When she had to take Latin in sixth grade, Sutton Grossinger hadn’t expected to love it as much as she did. The third-year says she felt that translating was like a puzzle—with the elements of problem solving and critical thinking that also drew her to science. While hearing from clinicians in a comparative anatomy and neuroscience class in high school solidified her interest in pursuing a career in medicine, she wasn’t ready to let go of Latin.

“I don’t think that just because I’m interested in one thing, I should have to sacrifice all the other interests, which is great that I don’t have to do that here,” says Grossinger, who is from Wynnewood, Pennsylvania. Applying to colleges at the height of the pandemic, she reached out to a few Department of Classical Studies professors at Penn and joined a class Kim Bowes taught on Zoom. Grossinger recalls logging off and telling her parents all about it.

“There aren’t as many schools that have amazing departments in both humanities and STEM,” she says. “But I found that Penn—with their amazing classics department and having all the opportunities of not only Penn Medicine but also all the hospitals in the surrounding Philadelphia area—made sense for me.”

Grossinger says she tries to do half pre-med and half classics courses each semester, balancing large lecture hall classes and small discussion-based ones. Outside of the classroom, she has done clinical sleep research with Philip Gehrman in the Perelman School of Medicine, and served as a student leader with CogWell, a nonprofit that empowers students to address mental health issues with their peers. Grossinger has also shadowed a plastic surgeon, orthopedic surgeon, and neurologists.

“When people ask me why I’m doing a classical studies major, I always say it teaches you how to think,” Grossinger says.

The world’s a stage

Like Brody, second-year student Emily Monfort wants to be a physician and entered Penn majoring in health and societies. She later decided to study music and neuroscience, thought about music and biology, and settled on theater and nutrition.

Monfort says theater was something she’d enjoyed childhood. She says, “I love that at Penn I can continue to study and continue to learn it more.” After taking Introduction to Theatre Arts her first year, she served as stage manager for the coming-of-age play “Athena,” which students performed at the Edinburgh Festival Fringe last summer. She is on the production team this semester, helping build sets, and sings in the Penn Glee Club.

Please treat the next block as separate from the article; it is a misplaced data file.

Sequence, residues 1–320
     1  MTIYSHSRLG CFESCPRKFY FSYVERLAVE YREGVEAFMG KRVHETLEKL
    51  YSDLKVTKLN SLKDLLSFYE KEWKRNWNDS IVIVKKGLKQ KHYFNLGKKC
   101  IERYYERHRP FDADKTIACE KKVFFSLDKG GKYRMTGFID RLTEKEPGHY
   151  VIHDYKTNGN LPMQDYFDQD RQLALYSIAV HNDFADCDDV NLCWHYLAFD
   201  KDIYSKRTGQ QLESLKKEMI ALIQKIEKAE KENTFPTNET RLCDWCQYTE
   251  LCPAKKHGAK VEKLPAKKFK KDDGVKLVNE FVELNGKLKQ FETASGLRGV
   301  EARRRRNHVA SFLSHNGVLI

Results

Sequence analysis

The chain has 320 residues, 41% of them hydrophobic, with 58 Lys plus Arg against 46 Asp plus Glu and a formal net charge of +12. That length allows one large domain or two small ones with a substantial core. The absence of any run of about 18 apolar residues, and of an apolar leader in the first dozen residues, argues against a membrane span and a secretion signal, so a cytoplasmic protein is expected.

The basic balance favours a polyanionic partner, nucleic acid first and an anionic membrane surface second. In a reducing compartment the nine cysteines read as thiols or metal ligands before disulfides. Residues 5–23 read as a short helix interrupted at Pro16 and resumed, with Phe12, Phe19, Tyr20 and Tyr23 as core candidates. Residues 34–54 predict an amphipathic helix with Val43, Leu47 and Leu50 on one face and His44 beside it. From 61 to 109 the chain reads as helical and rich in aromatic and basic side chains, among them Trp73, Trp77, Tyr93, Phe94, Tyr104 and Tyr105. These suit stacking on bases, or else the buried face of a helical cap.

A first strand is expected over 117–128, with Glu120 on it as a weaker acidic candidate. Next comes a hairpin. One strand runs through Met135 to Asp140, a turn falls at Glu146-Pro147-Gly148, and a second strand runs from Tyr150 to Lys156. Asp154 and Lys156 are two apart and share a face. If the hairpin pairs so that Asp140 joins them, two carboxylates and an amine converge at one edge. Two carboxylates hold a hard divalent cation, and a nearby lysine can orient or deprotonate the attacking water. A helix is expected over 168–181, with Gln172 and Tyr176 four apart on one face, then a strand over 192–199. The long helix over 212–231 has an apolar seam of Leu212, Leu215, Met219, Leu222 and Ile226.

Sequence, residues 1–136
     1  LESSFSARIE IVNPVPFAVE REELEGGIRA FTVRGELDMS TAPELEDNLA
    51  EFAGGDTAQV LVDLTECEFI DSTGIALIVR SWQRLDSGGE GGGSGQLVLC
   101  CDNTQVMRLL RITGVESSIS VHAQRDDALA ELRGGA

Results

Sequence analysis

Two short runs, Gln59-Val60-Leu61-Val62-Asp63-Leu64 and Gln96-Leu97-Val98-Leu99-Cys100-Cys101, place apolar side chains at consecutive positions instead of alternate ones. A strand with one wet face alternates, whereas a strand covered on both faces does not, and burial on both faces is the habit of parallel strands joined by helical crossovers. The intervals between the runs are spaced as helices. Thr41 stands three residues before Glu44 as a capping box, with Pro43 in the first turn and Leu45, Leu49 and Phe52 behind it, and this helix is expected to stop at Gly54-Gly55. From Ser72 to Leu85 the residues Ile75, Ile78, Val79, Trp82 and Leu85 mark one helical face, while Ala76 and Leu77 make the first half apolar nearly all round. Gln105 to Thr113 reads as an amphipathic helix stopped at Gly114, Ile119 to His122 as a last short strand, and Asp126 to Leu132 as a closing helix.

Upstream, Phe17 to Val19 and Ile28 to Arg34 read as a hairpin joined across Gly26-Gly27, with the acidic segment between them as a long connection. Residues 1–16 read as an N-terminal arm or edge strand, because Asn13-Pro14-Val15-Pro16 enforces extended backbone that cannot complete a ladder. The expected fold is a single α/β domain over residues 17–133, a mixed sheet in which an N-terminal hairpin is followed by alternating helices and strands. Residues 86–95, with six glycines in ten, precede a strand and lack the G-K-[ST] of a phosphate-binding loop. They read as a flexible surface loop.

“I saw a lot of transferrable skills between medicine and theater, in looking at character and analyzing character—what does this character do, what is this character interested in,” Monfort says. Comparing surgery and theatre, she says the teamwork and mechanics that go into building a set mirror skills involved in running an operating room.

Emily Monfort and Izzy DiCampli work on set design.
In a theatre class, Emily Monfort and Izzy DiCampli work on umbrellas that will be built into dragon heads for the play “She Kills Monsters.”

Culture and medicine

As a second-year, Tova Tachau shadowed a living-donor liver transplant surgery and “had that eureka moment of ‘Wow, this is incredible, this is what I want to do,’” she says. Tachau compares it to the “amazement and fascination” she felt seeing Cirque du Soleil at age 12.

She entered Penn with a plan to double-major in biochemistry and biophysics. But then she took a 20th-cenutry Russian literature class to fulfill a prerequisite and says she “ended up falling in love with the subject.” Now in her third-year, she has kept the biochemistry major and declared comparative literature and Russian and East European Studies majors.